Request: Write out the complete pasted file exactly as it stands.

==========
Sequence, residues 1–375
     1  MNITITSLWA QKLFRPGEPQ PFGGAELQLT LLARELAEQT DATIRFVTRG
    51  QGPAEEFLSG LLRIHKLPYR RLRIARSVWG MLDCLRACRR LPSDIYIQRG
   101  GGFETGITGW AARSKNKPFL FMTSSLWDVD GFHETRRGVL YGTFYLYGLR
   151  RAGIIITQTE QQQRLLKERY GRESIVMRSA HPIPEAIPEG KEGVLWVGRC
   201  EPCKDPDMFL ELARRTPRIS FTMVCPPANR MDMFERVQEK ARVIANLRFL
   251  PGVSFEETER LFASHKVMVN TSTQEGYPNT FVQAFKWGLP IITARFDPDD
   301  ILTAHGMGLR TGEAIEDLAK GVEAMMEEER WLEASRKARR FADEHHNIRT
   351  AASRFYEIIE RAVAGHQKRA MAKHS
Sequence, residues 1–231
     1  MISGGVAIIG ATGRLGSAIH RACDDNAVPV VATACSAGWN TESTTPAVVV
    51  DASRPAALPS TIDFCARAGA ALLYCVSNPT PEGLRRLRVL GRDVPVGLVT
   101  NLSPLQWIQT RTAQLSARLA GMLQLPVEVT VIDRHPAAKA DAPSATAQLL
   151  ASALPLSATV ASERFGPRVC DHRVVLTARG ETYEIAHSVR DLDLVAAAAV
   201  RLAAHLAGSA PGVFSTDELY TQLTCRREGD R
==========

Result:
Sequence, residues 1–375
     1  MNITITSLWA QKLFRPGEPQ PFGGAELQLT LLARELAEQT DATIRFVTRG
    51  QGPAEEFLSG LLRIHKLPYR RLRIARSVWG MLDCLRACRR LPSDIYIQRG
   101  GGFETGITGW AARSKNKPFL FMTSSLWDVD GFHETRRGVL YGTFYLYGLR
   151  RAGIIITQTE QQQRLLKERY GRESIVMRSA HPIPEAIPEG KEGVLWVGRC
   201  EPCKDPDMFL ELARRTPRIS FTMVCPPANR MDMFERVQEK ARVIANLRFL
   251  PGVSFEETER LFASHKVMVN TSTQEGYPNT FVQAFKWGLP IITARFDPDD
   301  ILTAHGMGLR TGEAIEDLAK GVEAMMEEER WLEASRKARR FADEHHNIRT
   351  AASRFYEIIE RAVAGHQKRA MAKHS
Sequence, residues 1–231
     1  MISGGVAIIG ATGRLGSAIH RACDDNAVPV VATACSAGWN TESTTPAVVV
    51  DASRPAALPS TIDFCARAGA ALLYCVSNPT PEGLRRLRVL GRDVPVGLVT
   101  NLSPLQWIQT RTAQLSARLA GMLQLPVEVT VIDRHPAAKA DAPSATAQLL
   151  ASALPLSATV ASERFGPRVC DHRVVLTARG ETYEIAHSVR DLDLVAAAAV
   201  RLAAHLAGSA PGVFSTDELY TQLTCRREGD R